The Obama years have not been good ones for freedom of the press, as I’ve written in the past. They’re going to get a whole lot worse under Donald Trump, with his call for upending the libel laws and with his thuggish manservant Corey Lewandowski demanding that Times executive editor Dean Baquet be locked up for publishing Trump’s partial tax returns.

The United States currently ranks 41st in press freedom, according to Reporters WIthout Borders. We could be considerably lower than that the next time the ratings are readjusted.

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Why the Gawker case could set a dangerous precedent

gawker1-1Gawker’s prob­lems began in October 2012, when the gossip site ran a por­tion of a sex tape fea­turing wrestler Hulk Hogan, which Hogan claimed vio­lated his pri­vacy and infringed on his publicity rights.

It was later revealed that Sil­icon Valley bil­lion­aire Peter Thiel—an out­spoken critic of the website—provided finan­cial backing for Hogan’s suit, which came to a close ear­lier this year, when a Florida court ruled in Hogan’s favor and the jury handed down a $140 mil­lion ver­dict that ulti­mately doomed the media company.

Here, Dan Kennedy, asso­ciate pro­fessor in the School of Jour­nalism and a nation­ally known media com­men­tator, weighs in on the effect of shut­tering the gossip site on the broader media land­scape and the “trou­bling” mechanics behind the suit that served as its demise. Its ter­mi­na­tion, he says, could empower “wealthy inter­ests” to use the legal system to drive media orga­ni­za­tions out of business.

Read the rest at news@Northeastern.

Presenting the 19th annual New England Muzzle Awards

Illustration by Brendan Lynch/WGBH News
Illustration by Brendan Lynch/WGBH News

Previously published at WGBHNews.org.

An elected school committee that voted unanimously to condemn a newspaper reporter for tweeting out news from a public meeting. A sheriff who flashed his badge while asking store owners to remove posters for his political opponent. Officials in three New England cities who cracked down on panhandlers in clear violation of their free-speech rights.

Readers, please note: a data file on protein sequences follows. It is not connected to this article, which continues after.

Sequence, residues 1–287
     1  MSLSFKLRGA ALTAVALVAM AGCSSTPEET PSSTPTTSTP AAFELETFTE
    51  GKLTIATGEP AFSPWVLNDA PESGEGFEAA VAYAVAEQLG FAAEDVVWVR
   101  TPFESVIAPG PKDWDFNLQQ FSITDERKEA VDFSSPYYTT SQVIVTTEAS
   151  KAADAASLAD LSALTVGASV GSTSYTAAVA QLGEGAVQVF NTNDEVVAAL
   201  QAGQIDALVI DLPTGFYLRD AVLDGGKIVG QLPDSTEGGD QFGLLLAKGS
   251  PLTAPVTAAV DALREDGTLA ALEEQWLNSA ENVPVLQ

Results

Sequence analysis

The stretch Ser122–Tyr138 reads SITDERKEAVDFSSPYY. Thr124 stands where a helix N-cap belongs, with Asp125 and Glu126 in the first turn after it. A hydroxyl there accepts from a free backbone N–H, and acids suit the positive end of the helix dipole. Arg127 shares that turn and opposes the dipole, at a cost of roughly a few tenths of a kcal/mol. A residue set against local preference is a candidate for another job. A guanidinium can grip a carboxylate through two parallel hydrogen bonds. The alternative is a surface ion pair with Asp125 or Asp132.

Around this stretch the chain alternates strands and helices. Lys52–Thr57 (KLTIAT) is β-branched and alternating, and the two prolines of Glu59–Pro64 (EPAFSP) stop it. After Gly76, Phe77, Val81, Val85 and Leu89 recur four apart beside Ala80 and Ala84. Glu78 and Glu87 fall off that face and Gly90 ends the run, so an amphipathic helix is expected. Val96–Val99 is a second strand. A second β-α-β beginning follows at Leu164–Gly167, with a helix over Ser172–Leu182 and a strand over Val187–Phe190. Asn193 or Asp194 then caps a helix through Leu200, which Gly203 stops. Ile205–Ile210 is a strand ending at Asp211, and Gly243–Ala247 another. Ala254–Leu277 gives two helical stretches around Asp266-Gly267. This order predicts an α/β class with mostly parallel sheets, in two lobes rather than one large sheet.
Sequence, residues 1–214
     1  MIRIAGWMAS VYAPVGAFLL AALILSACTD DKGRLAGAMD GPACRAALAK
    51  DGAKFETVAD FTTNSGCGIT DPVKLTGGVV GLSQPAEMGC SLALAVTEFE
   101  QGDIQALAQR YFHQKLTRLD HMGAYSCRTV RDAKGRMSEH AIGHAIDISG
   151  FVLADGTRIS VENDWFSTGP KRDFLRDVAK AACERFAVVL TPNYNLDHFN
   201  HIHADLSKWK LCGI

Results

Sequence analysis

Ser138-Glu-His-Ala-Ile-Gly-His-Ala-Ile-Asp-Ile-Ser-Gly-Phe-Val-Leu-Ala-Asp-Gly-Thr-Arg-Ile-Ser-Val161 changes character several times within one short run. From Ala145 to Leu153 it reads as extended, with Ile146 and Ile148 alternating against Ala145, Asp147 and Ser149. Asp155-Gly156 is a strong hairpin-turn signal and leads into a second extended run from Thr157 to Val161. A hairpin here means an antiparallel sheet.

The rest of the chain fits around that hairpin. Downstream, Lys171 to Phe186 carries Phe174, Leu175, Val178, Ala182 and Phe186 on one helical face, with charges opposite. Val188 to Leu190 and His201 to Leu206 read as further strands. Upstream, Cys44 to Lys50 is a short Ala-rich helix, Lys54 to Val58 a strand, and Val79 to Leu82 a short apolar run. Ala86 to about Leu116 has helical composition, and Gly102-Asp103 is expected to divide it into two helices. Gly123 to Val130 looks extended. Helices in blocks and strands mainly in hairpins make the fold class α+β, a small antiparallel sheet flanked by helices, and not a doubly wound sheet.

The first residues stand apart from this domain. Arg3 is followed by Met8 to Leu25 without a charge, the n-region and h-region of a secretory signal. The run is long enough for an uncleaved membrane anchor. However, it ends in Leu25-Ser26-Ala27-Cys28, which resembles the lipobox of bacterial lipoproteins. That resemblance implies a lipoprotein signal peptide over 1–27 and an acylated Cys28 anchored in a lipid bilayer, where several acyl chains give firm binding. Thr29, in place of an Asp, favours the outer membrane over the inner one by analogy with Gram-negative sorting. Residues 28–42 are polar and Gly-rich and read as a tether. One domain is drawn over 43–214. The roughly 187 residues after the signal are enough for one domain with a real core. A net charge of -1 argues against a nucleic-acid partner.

These are just three of the stories that are featured in the 19th annual New England Muzzle Awards, our Fourth of July roundup of outrages against free speech. All that and Donald Trump, too.

First, though, some good news. Last year we called for reform of the notoriously weak Massachusetts public-records law, which had earned an “F” from the State Integrity Project. At long last, the legislature passed a reform bill, which was signed into law by Governor Charlie Baker on June 3.

The most important part of the law is that, finally, people whose public-records requests are wrongly ignored or turned down may receive expense money to cover their legal fees. The law also puts limits on how much money government agencies can charge for records and mandates that those records be made available electronically when feasible.

“This bill represents a significant step forward for transparency in Massachusetts,”said Bob Ambrogi, executive director of the Massachusetts Newspaper Publishers Association, in a statement. “It will do a lot to improve access to public records.”

The law is far from perfect. It still applies only to local government and executive agencies, exempting the governor’s office, the court system, and the legislature. It also extends the amount of time government agencies have to respond to public-records requests—perhaps a reasonable step given how widely ignored the old deadlines were, but something that will have to be monitored.

Another Muzzle note: As we were wrapping up this year’s list, Rhode Island Governor Gina Raimondo vetoed a bill outlawing the posting of so-called revenge porn. As Raimondo rightly observed, “The breadth and lack of clarity may have a chilling effect on free speech. We do not have to choose between protecting privacy rights and respecting the principles of free speech.” We’ll be keeping an eye on this to see if it raises its censorious head during the coming year.

The Muzzle Awards, launched in 1998, were published for many years in the late, great Boston Phoenix, which ceased publication in 2013. This is the fourth year they have been hosted by WGBH News. They take their name from the Jefferson Muzzles, begun in 1992 by the Thomas Jefferson Center for the Protection of Free Expression.

The envelopes, please …